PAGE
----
Spring is in the air; the days are getting longer and when the sun does shine, it’s starting to feel just a little warmer. The natural world is coming back to life after what will have felt like a very, very, VERY long winter for many of us. However, these glimpses of spring bring hope to those of us who make our living in the great outdoors, whether that be in an agricultural, horticultural or sports turf sense.
We’re turning our attention to Greenkeepers in particular who now face immense pressure in preparing their courses for the playing season having suffered great setbacks after this extremely wet winter. Alongside pressures such as the course being played when it probably shouldn’t be, worn out and damaged areas, there will also be the added pressure of various routine maintenance activities that have not been fulfilled due to the weather.
With that said, there are always solutions to challenges and greenkeeping is no exception. We’ll go over a few ideas for how to get back on track this spring.
Firmness is key to giving the greens the best possible start to the season. If they are not firm, they will not be smooth and true and if they are not smooth and true, they may be running a little slower than we would like. We could be tempted (due to pressure) to get the 13mm spanner out and reduce the height of cut but this only creates further stress to the grass plant when the winter has already taken its toll. The roots have been sat in water for most of the year and golf traffic in unsuitable conditions has weakened the plant, making it less able to endure further stress. It’s tempting at this point, to throw on a high-powered fertiliser to “get them growing”, but this can also have a negative affect.
Understanding how fine turf and soil biology comes out of hibernation is key to the task of hardening and firming up the growing environment. It needs nurturing and protecting with a well thought out, programmed approach rather than quick fix, short term wins. When we apply high salt, high nitrogen feed we are damaging the biology; adding high nitrogen fertiliser when the weather is still unpredictable can weaken the plant and encourage soft growth and disease.
Solutions for firm up, consistency and speed:
- Appropriate nutrition through the spring growth period by understanding your soil biology. This will be crucial to maintaining a healthy plant and visually attractive playing surface. A soil test is always a good place to start.
- Stimulate the soil biology, protect the plant and help with seedling establishment through with use of a bio-nutritional such as Attain. Attain promotes optimal plant and soil health, it contains secondary metabolites that enhance the existing nutritional elements contained with the soil.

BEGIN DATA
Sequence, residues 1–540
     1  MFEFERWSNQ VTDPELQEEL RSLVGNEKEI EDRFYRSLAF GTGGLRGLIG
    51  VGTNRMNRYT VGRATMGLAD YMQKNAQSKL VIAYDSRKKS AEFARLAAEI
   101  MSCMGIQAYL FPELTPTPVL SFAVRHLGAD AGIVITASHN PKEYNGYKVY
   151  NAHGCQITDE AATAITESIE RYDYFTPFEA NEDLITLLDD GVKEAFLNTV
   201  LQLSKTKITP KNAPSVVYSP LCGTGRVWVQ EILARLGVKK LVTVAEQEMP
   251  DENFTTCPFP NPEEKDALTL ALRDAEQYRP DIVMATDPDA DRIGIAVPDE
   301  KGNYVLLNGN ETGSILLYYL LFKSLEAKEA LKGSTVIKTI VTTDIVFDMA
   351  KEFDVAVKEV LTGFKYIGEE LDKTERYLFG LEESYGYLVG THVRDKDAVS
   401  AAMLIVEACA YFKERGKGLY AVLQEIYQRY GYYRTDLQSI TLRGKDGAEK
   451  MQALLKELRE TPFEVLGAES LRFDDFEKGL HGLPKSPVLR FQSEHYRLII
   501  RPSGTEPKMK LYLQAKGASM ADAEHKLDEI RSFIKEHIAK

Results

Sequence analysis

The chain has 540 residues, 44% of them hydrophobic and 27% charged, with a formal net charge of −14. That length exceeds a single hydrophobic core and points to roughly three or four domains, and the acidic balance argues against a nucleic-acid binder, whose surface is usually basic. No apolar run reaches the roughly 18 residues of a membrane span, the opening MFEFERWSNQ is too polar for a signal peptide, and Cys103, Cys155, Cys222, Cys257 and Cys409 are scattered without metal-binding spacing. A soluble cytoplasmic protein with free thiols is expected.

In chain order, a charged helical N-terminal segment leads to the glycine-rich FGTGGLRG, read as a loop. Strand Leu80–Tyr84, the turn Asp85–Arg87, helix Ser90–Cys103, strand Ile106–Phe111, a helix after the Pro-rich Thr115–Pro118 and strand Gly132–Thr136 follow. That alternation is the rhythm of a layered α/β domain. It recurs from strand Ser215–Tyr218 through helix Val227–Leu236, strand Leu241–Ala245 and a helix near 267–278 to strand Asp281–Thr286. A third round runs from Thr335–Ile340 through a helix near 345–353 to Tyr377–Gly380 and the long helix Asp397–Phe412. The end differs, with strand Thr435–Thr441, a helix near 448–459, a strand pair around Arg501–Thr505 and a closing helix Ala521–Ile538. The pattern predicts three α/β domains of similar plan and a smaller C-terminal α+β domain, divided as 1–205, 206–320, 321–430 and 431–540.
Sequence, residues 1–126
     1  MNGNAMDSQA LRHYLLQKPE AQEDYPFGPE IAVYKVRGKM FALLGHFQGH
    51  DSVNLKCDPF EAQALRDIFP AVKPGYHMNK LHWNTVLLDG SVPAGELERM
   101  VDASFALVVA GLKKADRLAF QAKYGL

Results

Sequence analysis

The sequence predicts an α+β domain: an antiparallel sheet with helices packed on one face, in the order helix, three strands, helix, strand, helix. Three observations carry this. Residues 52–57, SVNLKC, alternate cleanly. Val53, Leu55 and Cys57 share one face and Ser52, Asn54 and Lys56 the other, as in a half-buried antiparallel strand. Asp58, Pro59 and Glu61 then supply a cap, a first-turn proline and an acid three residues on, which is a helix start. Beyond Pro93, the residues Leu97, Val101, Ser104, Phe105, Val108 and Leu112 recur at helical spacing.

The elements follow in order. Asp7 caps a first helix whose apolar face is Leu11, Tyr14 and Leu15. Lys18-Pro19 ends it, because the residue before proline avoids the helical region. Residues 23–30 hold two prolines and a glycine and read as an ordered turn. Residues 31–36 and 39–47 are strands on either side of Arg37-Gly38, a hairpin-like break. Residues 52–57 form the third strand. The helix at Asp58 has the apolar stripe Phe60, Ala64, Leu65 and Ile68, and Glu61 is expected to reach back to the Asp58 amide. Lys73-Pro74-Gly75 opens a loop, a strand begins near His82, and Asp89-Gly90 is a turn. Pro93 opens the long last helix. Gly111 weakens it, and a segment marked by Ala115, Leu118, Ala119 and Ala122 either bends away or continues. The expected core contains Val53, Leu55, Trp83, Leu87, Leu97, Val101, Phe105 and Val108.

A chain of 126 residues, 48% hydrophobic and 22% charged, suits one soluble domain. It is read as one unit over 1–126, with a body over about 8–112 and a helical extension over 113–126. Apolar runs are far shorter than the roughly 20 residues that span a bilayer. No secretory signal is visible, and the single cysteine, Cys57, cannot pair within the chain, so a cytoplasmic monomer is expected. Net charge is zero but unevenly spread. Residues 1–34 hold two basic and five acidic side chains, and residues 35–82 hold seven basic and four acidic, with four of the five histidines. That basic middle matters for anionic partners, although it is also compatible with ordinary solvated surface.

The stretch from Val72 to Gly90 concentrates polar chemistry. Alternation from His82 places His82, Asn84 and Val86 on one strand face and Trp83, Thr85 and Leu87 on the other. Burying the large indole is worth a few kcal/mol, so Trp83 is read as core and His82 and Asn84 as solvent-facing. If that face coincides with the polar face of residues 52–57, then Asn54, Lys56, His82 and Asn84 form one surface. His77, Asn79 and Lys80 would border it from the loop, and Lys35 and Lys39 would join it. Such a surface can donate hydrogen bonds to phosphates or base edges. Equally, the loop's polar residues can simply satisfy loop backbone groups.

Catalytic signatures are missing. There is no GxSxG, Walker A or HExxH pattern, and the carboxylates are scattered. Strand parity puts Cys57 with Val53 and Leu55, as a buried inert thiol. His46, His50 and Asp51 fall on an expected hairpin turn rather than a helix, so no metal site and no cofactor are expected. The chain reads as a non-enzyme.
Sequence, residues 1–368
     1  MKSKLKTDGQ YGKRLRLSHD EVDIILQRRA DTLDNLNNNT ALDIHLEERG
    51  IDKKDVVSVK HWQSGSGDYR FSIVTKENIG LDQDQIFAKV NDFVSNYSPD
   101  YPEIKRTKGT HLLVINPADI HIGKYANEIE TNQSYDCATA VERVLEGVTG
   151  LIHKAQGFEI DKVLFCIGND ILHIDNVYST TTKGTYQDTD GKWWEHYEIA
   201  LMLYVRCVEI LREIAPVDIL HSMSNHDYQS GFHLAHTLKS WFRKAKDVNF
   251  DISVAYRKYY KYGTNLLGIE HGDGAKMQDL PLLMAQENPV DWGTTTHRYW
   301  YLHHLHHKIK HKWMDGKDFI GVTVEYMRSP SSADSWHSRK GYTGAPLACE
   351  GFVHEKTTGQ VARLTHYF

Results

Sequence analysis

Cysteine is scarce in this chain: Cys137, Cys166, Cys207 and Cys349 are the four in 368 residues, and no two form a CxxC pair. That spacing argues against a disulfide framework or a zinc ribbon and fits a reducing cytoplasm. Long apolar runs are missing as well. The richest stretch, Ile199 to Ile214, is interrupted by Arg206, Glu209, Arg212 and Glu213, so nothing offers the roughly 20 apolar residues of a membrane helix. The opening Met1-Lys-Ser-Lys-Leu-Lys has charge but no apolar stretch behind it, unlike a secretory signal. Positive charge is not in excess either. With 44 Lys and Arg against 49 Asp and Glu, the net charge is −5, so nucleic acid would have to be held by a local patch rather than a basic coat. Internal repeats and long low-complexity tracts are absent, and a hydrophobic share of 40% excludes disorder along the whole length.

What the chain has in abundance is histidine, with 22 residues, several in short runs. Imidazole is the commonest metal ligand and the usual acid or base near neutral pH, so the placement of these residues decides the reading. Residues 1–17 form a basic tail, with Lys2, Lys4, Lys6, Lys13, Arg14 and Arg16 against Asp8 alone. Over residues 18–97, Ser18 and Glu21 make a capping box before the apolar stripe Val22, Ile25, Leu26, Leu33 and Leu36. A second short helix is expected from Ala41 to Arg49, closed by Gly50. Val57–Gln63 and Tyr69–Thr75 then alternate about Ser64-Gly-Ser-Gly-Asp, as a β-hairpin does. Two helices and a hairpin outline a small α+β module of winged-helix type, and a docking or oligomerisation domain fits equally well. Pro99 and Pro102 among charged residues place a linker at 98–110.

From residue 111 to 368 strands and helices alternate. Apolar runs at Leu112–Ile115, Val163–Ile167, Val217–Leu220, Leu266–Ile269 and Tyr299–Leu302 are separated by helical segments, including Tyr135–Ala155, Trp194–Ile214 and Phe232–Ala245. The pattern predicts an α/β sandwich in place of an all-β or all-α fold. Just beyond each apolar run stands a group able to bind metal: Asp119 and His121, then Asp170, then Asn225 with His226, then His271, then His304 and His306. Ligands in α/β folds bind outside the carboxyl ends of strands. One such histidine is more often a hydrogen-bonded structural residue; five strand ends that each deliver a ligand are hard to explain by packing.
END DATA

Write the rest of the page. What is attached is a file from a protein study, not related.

- Aid recovery, build resistance to stress and improve presentation through the use of a package such as Tough Turf Xcel which promotes all-round turf health.
- Use of a quality wetting agent to move water away from the surface that has the technology to meet your specific needs. Wetting agents are not one-size-fits-all so seek advice from a manufacturer rep who knows his products. Here are a few questions you can ask to make sure you’re purchasing the right product for the job:
- What chemistry does this wetting agent contain?
- Is this chemistry new or old and is it safe?
- Can this wetting agent be tank mixed?
- Will this wetting agent hold or release moisture?
- Once you have moved moisture away, it’s time to aerate and top-dress. Aerating very wet soils or during dry spring periods can be catastrophic for recovery so it’s important to find a happy medium before embarking on heavy aeration.
It’s no secret that sharp blades create a cleaner cut but this also helps to reduce plant stress, promote less disease and create a better playing surface and ball roll. Mowers lose that all-important sharp edge through picking up debris, worm casts, wear and tear from early spring renovations and sand topdressing so regular checking, adjustment and a quick sharpen will make a significant difference to your playing surface.
You are the master of your turf environment and greenkeeping on the eye is key but it’s always useful to look beyond the surface and gain alternative perspective during times of significant weather pressure. In summary, use the right aeration and wetting agent technology for your situation to get that moisture away, top-dress to get the ground firm, and apply sensible nutrition and stimulants to get (and keep!) the turf healthy.
We are about due some luck with the weather so crossed fingers for a kind spring and you will soon get the playing surface up to tip-top summer standard.